Hunting ghosts and solving the case before checkout? All in a weekend’s work.
Fleur Bradley is the author of the spooky middle-grade mystery Midnight at the Barclay Hotel (Viking Books for Young Readers, Aug. 2020). She’s passionate about two things: mysteries and getting kids to read. Fleur regularly does (virtual) school visits and speaks at librarian and educator conferences on reaching reluctant readers. Originally from the Netherlands, Fleur now lives in Colorado Springs with her family and entirely too many rescue pets.
Midnight at the Barclay Hotel – When JJ Jacobson convinced his mom to accept a surprise invitation to an all-expenses-paid weekend getaway at the illustrious Barclay Hotel, he never imagined that he’d find himself in the midst of a murder mystery. He thought he was in for a run-of-the-mill weekend ghost hunting at the most haunted spot in town, but when he arrives at the Barclay Hotel and his mother is blamed for the hotel owner’s death, he realizes his weekend is going to be anything but ordinary.
Now, with the help of his new friends, Penny and Emma, JJ has to track down a killer, clear his mother’s name, and maybe even meet a ghost or two along the way.
Other titles of Fleur’s: Super Puzzletastic Mysteries (anthology story, mystery for kids), and the Double Vision trilogy (HarperCollins Children’s)
Do you write in more than one genre? I write mysteries, mostly for kids, but I also like to write short stories. In fact, for the first ten years or so of my writing career, that’s mostly what I wrote. I try to still write a few every year—they’re fun to write, plus the time investment isn’t as huge as a novel-length work. Short stories are also a great way to flex your writing muscle—they’re tough to write.
What brought you to writing? I was a new mom (many years ago!), and I really wanted to do something that was just my own. As an avid reader, I decided to try my hand at fiction writing since all I needed was a pen and paper. I still love that most about writing: I start with a blank page and can make it anything I want.
What, if any, distractions do you allow? Right now, I write at the kitchen table mostly. It’s so unglamorous, really… Sometimes I try to find a different corner of the house to work in just to break the monotony. Covid times being what they are, writing at a coffee shop or library is still off the table. Once I’m into the story though, I forget about everything else. I can write anywhere.
Tell us about your writing process: I usually have the spark of an idea—whether it’s a broad feel of a book (for Midnight at the Barclay Hotel, I wanted to write an Agatha Christie-style mystery for kids) or a good twist or even just the start of the story. Then I let that bounce around my brain a while, until I feel I have all the ingredients to the story figured out—so the mystery, tone, setting, characters. Then I work on an outline and sample chapters that I would eventually send to my agent. She’ll tell me what works, what doesn’t, and I tweak that and write the rest.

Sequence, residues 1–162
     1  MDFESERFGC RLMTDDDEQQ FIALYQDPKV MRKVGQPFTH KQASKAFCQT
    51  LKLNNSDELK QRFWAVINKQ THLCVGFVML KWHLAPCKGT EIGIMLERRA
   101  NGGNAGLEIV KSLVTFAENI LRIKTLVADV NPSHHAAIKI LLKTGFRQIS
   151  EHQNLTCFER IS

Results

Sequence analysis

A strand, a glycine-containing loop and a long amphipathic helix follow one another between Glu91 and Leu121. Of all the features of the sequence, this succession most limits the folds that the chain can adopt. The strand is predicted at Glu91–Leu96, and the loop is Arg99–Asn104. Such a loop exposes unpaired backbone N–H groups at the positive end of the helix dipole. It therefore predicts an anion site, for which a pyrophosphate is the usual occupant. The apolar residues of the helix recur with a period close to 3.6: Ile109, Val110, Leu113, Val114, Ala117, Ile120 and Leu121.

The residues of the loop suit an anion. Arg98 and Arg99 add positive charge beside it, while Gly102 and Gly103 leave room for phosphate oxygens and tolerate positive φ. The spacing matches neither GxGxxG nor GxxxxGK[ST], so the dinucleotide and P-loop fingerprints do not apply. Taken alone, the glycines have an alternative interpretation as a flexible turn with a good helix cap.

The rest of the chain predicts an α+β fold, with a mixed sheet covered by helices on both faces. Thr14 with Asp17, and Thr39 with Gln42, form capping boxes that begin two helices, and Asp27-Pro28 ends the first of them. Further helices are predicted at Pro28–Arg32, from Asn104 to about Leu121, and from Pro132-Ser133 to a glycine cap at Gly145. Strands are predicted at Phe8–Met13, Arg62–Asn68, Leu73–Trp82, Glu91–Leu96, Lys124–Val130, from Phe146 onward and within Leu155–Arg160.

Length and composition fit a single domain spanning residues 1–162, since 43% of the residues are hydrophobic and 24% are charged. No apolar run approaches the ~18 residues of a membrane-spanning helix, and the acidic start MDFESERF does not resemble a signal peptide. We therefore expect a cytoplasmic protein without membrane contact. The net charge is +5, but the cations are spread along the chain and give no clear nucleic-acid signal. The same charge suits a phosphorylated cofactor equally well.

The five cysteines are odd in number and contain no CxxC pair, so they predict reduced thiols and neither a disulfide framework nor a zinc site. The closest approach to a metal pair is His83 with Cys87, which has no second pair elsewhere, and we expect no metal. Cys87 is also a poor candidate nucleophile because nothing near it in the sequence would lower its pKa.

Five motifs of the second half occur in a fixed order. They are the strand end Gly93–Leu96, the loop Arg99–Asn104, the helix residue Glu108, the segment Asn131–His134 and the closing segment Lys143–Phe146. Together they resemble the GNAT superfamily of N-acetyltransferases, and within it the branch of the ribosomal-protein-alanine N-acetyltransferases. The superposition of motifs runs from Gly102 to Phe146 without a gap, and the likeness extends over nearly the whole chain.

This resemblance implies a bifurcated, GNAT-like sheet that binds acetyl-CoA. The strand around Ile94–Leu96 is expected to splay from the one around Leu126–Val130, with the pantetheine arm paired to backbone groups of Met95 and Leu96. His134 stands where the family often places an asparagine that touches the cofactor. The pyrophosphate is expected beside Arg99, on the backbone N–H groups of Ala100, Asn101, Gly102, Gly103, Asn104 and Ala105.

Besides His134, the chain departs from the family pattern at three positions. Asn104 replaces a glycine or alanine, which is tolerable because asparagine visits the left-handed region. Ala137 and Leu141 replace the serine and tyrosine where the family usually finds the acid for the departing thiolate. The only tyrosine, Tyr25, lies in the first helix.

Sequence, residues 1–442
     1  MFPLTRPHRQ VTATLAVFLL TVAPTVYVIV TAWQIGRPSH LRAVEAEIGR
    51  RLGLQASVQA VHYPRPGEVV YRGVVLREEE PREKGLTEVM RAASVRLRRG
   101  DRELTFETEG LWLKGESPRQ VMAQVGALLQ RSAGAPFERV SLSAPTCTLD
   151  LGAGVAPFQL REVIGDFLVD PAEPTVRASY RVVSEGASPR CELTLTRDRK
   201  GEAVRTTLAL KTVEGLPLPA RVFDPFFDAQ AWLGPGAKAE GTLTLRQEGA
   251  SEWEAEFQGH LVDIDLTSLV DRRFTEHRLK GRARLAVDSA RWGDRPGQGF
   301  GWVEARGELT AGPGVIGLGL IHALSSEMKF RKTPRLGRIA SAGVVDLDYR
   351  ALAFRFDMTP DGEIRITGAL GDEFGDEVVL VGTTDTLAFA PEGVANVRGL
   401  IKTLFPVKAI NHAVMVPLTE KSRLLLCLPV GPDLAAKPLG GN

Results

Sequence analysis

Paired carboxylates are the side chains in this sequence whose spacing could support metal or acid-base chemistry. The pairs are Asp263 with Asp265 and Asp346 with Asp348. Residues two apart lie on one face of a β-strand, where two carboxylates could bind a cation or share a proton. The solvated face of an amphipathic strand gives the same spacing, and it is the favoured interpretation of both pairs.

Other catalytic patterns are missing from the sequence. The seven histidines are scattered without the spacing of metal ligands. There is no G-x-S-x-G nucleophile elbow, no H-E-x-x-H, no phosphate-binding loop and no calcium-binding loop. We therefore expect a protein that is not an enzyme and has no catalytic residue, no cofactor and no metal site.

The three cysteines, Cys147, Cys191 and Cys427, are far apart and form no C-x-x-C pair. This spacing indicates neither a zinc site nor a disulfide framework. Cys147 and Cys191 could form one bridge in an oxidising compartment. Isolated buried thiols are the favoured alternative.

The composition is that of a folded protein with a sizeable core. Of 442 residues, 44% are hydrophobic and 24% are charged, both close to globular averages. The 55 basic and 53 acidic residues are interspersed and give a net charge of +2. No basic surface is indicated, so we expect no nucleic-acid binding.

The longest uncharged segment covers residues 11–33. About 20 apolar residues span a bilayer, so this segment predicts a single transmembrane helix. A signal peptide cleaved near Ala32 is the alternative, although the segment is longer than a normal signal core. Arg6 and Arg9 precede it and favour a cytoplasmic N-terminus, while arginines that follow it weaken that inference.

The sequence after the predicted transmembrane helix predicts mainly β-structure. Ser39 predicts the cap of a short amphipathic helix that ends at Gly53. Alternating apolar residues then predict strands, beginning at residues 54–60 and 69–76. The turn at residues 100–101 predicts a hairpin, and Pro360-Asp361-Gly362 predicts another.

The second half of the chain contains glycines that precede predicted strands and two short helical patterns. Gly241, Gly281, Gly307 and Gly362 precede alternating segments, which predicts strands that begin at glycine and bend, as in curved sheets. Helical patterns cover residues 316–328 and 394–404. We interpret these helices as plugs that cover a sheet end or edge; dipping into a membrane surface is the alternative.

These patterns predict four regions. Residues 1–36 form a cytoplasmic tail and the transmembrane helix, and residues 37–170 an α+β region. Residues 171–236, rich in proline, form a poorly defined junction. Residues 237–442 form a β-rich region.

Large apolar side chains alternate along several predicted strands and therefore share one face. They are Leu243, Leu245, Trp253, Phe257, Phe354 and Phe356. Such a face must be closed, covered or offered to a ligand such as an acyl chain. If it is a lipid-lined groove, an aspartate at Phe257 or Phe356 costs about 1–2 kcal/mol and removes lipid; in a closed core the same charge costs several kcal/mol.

What is the most challenging part of your writing process? The most challenging part is the analytical part of my brain that needs to produce a solid plot and outline, and the creative part that just wants to get writing already to see where the characters take me…. It’s truly a battle of wills some days! But that outline is necessary to keep me on track.
What are you currently working on? I’m finishing edits on my next mystery for kids, and I’m getting ready to write the first draft of a YA mystery. I always have several projects going at once—it keeps me from getting bored.
Where do you place your settings—real or fictional locations? I like to take a real location and then create a fictional version of it so that I can write my own rules. For Midnight at the Barclay Hotel, I created the Barclay Hotel based on the Stanley Hotel (from the book/movie The Shining) in nearby to me Estes Park, Colorado. I took some of the elements of the Stanley—the beautiful architecture and woodwork, the ghost stories, the Colorado setting—and amplified them to make for a more exciting story material.
Looking to the future, what’s in store for you? I’m hoping to be able to in-person school and bookstore visits again—I miss seeing people in person, like everyone else I’m sure. The mystery for kids I’m working on now should be out from Viking/Penguin Random House in summer 2022, and then I plan to write another mystery for the 8-12 age group—it’s been such a joy to write mysteries for kid readers, I expect I’ll be writing lots more.
Anything else you’d like to tell us about yourself and your books? To toot my own horn for a minute: I was honored to be nominated for an Agatha Award and the Colorado Book Award for Midnight at the Barclay Hotel. If any blog readers get a chance to read the book, let me know what you think!
For more information on Fleur and her books, visit www.ftbradley.com, and on Twitter @FTBradleyAuthor.
I have read Midnight at the Barclay Hotel and can say that I’m certainly not a young adult, I thoroughly enjoyed Fleur’s book. I’ve read her short stories, too and can say that she’s a really good writer who can write entertaining stories for reader s of all ages. I look forward to her next one.
Thank you, Michael!
Love Midnight at the Barclay Hotel, Fleur. We hope to see you in in-person meetings again soon, too!
I can’t wait to see everyone again in person! Feels like it’s been forever…
Thanks for this blog post! I will be picking this book up for my 9 year old at our local bookshop!
Thank you, Tammy! I hope your 9 year-old enjoys the book.
Fleur, we met long ago at I think a Bouchercon conference in Seattle. What your are doing is so exciting! I will definitely recommend your books to all the mom’s I know for their kids. Will try Midnight at the Barclay Hotel for myself.